Tuesday, October 11, 2011

autumn treasure: apples

Although it has been unseasonably warm this past week, my internal clock is telling me that I should be eating all things apple right now.  Growing up in suburban - on the edge of rural - Massachusetts, I remember going apple picking almost every fall - Honeypot Orchards (I think it was called) or some other family-type establishment.  People would travel to our area just to see the amazing fall foliage and pick our apples.  We even grew up singing the Johnny Appleseed prayer, "O the Lord is good to me and so I thank the Lord, for giving me the things I need like the sun and the rain and the apple seed.  The Lord is good to me."  Apple orchards, to my mind, are grassy, hilly, not very crowded and you can buy apple cider and maybe another apple product or two from a quaint but functional farm building.  You park on the grass, you pick apples and then you pay for your bags.  Lovely.

Last weekend we attempted some apple picking with a few friends.  A rather long journey out to farm country brought us to this less-than-idyllic sight:

We didn't end up with apples that day. [Long story short - there were so many people there that while we were waiting in line to get in to pick apples, we were told that we were no longer guaranteed that there were apples on the trees, so we'd have to pick them out of bins.  We said no to that.]   But the weather was beautiful and we had wonderful company.  Still, our desire for apples, and lots of them, was as of yet unfulfilled.  This weekend, we had equally beautiful weather and headed out once again in search of a different orchard experience.  We picked one that advertised "no corn maze or hay rides or entrance fees" as well as "heirloom apples."  We were not disappointed!

Braeburns, Blushing Golden, Jonathan, windfall McIntosh, heirloom Snow and Spitzenburg.  *sigh* There is something just so wonderful about apples.  The trees carry a kind of history with them.  It takes quite a while for an orchard to come into full production - many, many years.  In that way, planting an orchard is different than planting a garden.  When you plant small fruit trees, you are committing to care for that land for most of your lifetime (or hoping that someone else will if you must leave).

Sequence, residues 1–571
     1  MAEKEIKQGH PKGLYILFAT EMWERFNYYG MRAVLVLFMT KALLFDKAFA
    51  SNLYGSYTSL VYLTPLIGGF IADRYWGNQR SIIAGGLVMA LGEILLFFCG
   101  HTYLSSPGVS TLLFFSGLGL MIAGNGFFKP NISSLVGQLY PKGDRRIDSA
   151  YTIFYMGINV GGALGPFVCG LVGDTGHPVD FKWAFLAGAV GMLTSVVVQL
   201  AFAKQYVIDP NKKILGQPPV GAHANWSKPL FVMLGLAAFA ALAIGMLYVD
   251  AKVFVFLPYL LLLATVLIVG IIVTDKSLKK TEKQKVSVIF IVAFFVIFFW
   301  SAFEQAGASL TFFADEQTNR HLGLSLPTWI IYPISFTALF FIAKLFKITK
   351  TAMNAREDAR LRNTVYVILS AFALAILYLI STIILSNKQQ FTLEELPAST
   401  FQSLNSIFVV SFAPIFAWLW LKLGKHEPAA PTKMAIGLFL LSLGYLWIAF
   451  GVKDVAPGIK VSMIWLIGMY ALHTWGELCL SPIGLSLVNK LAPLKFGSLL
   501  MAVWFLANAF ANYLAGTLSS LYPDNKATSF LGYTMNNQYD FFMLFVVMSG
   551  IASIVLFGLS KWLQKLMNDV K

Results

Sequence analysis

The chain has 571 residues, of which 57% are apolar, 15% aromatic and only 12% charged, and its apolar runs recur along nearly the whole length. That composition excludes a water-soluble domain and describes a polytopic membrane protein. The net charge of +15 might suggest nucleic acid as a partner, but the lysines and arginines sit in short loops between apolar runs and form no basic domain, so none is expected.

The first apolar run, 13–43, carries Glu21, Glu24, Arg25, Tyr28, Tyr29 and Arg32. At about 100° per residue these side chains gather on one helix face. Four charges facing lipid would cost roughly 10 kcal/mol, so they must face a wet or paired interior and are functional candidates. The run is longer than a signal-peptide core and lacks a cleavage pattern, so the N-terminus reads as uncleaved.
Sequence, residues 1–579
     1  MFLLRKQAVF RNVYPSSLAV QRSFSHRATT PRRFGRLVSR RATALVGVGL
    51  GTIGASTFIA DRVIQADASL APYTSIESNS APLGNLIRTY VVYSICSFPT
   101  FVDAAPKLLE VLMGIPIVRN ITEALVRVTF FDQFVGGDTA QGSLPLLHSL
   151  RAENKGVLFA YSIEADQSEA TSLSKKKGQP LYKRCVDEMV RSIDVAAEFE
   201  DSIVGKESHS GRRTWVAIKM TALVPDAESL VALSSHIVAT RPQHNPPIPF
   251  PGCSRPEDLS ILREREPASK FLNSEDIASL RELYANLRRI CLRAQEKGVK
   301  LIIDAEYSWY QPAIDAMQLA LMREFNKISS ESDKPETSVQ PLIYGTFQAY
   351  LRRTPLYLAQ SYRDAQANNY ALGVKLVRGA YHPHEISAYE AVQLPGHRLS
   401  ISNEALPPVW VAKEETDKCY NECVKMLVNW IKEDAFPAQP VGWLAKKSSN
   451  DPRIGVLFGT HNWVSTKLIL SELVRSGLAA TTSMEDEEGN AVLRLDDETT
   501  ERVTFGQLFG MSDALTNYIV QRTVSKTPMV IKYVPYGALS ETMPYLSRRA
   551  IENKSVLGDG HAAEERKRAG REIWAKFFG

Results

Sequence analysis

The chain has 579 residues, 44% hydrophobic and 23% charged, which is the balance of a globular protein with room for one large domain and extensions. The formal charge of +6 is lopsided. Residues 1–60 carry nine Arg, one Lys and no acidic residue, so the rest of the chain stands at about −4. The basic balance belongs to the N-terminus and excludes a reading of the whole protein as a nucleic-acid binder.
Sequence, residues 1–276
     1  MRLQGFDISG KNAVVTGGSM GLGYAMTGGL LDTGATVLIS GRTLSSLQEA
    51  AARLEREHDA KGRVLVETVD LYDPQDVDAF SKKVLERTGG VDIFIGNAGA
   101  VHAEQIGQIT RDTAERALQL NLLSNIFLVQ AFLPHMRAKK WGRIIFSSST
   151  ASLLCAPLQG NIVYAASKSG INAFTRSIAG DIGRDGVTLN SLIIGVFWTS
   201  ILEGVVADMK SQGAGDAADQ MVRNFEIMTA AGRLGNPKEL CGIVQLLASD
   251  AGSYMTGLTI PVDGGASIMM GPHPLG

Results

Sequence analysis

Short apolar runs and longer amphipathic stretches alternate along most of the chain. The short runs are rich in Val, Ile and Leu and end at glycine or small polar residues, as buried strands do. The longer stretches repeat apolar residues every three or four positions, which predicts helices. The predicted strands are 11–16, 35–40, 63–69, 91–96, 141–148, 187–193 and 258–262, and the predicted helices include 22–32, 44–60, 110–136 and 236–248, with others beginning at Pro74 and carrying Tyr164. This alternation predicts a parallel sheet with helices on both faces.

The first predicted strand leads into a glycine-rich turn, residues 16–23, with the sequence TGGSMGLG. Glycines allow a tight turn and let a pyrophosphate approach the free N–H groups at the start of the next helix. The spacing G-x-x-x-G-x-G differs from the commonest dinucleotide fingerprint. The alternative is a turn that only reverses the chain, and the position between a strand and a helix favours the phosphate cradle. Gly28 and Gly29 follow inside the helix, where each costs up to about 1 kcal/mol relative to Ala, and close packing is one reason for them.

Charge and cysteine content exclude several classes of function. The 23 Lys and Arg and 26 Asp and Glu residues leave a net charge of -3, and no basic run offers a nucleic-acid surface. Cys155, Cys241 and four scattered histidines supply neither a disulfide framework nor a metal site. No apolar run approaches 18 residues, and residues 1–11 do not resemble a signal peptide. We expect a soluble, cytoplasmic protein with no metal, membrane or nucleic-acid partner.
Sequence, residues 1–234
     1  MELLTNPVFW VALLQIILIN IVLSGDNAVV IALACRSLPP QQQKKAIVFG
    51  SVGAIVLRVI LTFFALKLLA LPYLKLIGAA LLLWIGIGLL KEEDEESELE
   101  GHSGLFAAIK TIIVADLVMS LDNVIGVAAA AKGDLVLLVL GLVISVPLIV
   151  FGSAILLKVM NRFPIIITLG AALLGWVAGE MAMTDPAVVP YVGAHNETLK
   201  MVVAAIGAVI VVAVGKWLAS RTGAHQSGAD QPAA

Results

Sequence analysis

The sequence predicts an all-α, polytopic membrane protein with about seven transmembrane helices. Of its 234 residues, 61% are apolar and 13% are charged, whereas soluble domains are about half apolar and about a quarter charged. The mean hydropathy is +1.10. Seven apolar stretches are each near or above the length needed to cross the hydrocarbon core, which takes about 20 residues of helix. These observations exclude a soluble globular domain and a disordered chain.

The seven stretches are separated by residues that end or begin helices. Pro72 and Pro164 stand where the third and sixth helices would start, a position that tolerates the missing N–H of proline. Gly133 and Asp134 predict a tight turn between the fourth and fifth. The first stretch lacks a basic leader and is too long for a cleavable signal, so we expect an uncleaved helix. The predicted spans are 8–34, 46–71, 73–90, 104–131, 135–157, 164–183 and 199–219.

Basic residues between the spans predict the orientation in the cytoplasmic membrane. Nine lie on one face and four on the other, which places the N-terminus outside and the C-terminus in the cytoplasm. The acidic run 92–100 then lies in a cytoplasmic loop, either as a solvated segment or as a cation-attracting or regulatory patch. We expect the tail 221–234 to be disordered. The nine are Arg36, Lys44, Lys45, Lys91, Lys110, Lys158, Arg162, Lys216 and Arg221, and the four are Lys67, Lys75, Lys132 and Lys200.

This orchard that we visited was clearly a family operation.  One part of the barn is devoted to World War II models and collector's items that I assumed belong to the elderly gentleman who ran the counter, who I would also assume has owned this land for much or all of his life.  If (or maybe when) we find the right land for homesteading, I hope it already has a few fruit trees.  This is quite a lot to hope for, but part of me just doesn't want to wait so long to get a full harvest of fruit!  We shall see, for that's still somewhere in the future.  For now, I will content myself to imagine and romanticize the past of the family orchards where we gather our apples for crisps, cider, jams and delicious snacking.  Apples, above all other seasonal treats, allow me to welcome autumn with open arms.

1 comment:

  1. I think I have to go eat an apple now :) (except ours are picked from the bin at Aldis....)